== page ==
• I can't imagine a carpenter who would only use hammers that he could get for free.
    – Stephen C
    Feb 10, 2022 at 4:41
  • 1
    When you try to get the actual memory using a profiling tool like YourKit, you should know What Heap Dumps Are Lying To You About
    – Holger
    Sep 21, 2022 at 7:34

I think that the question should be clarified because there is a difference between the size of the HashMap and the size of HashMap + the objects contained by the HashMap.

If you consider the size of the HashMap, in the example you provided, the HashMap stores one reference to the String "aby" and one reference to the List. So the multiple elements in the list do not matter. Only the reference to the list is stored in the value.

In a 32 bits JVM, in one Map entry, you have 4 bytes for the "aby" reference + 4 bytes for the List reference + 4 bytes for the "hashcode" int property of Map entry + 4 bytes for the "next" property of Map entry.

You also add the 4*(X-1) bytes references where the "X" is the number of empty buckets that the HashMap has created when you called the constructor new HashMap<String,List<String>>() . According to http://docs.oracle.com/javase/6/docs/api/java/util/HashMap.html, it should be 16.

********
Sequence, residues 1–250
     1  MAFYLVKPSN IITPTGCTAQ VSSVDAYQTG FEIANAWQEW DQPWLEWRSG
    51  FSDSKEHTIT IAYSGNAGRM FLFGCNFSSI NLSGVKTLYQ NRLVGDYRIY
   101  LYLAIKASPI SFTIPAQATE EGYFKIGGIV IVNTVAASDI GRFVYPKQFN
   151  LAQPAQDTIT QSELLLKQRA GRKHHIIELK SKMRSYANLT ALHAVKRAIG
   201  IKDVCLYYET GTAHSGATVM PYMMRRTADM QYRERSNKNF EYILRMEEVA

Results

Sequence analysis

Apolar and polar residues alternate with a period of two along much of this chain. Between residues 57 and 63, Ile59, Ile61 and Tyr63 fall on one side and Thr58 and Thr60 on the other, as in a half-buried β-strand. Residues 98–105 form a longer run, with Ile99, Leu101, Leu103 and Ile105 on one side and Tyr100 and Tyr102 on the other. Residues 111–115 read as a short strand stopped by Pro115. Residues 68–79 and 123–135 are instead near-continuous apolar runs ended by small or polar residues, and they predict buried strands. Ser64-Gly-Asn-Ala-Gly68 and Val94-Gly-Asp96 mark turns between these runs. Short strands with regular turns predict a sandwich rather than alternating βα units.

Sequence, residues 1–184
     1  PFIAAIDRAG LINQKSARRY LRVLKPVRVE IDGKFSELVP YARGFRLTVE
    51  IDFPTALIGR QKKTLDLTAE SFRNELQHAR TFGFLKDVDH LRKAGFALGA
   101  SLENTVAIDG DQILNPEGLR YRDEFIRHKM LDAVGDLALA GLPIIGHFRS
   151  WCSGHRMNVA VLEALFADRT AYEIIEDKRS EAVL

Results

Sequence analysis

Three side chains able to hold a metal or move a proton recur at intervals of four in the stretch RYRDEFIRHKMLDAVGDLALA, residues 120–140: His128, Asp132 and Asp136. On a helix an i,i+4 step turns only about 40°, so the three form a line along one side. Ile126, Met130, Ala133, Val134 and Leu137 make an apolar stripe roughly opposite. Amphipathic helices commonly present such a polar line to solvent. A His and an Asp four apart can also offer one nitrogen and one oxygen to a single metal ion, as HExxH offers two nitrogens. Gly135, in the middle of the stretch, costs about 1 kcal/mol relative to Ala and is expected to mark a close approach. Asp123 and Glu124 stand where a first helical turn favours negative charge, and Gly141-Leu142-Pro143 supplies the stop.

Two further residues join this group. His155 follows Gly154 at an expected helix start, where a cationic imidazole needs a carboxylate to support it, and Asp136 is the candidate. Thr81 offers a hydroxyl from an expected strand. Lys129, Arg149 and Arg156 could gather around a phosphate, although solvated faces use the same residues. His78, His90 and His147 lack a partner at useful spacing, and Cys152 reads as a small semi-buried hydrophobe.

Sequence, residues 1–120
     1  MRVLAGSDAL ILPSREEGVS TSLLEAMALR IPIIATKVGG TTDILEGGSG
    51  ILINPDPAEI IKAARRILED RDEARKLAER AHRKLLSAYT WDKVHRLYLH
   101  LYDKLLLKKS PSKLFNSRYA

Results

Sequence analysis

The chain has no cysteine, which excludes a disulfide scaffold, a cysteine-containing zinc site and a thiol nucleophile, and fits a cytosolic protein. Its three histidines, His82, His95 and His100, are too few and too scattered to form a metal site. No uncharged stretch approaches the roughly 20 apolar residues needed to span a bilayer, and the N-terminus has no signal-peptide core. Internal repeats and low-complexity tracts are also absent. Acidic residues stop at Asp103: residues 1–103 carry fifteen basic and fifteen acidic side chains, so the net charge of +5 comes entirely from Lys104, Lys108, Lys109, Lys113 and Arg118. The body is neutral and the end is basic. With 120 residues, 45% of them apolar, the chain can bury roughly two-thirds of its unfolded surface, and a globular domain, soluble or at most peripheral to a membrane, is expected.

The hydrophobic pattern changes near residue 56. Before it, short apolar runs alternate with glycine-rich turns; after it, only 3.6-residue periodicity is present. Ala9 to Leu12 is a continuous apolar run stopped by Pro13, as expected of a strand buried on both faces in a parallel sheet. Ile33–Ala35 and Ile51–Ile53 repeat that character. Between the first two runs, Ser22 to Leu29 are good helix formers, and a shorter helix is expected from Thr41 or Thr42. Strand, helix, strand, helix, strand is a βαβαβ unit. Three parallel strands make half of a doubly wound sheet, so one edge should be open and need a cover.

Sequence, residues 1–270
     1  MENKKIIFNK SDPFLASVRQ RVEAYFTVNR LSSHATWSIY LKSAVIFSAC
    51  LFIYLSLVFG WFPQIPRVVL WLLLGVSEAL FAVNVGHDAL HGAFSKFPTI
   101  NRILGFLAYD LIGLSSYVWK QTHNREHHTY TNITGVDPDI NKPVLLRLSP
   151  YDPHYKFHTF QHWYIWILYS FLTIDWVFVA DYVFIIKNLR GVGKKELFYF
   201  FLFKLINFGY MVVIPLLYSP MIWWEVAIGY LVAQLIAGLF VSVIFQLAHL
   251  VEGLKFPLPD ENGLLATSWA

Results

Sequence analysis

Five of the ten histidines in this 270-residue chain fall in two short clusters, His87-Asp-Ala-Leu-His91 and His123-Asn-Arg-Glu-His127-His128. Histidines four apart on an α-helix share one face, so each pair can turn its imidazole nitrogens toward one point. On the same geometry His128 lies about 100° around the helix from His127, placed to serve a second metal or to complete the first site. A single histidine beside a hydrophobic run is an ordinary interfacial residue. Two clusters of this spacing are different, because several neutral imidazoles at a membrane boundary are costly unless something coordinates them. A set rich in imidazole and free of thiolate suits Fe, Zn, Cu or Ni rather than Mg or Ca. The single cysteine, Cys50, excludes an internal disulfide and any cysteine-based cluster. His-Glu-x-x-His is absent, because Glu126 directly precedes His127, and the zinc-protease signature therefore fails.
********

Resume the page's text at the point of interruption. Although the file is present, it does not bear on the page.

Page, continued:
There are also loadFactor, modCount, threshold and size which are all primitive int type (16 more bytes) and header (8bytes).

So in the end, the size of your above HashMap would be 4 + 4 + 1 + (4*15) + 16 + 8 = 93 bytes

This is an approximation based on data that are owned by the HashMap. I think that maybe the interviewer was interested in seeing if you were aware of the way HashMap works (the fact for example that the default constructor create and array of 16 buckets for Map entry, the fact that the sizes of the objects stored in the HashMap do not affect the HashMap size since it only store the references).

HashMap are so widely used that under certain circumstances, it should be worth using the constructors with initial capacity and load factor.

  • 3
    You neglect the memory management overhead of 8 bytes per object, and rounding to 8 bytes of the sizes. A HashMap.Entry is 24 Bytes, not 16, for example. For many cases, this adds up to an enormous amount of memory wasted. For example, a HashMap<Integer, Double> needs about 100 Bytes per stored value due to boxing, with 12 bytes of actual data, and 88 bytes overhead. Now with Strings, there is no autoboxing, and the strings are not as tiny, so it will not be as massive. Sep 4, 2016 at 20:04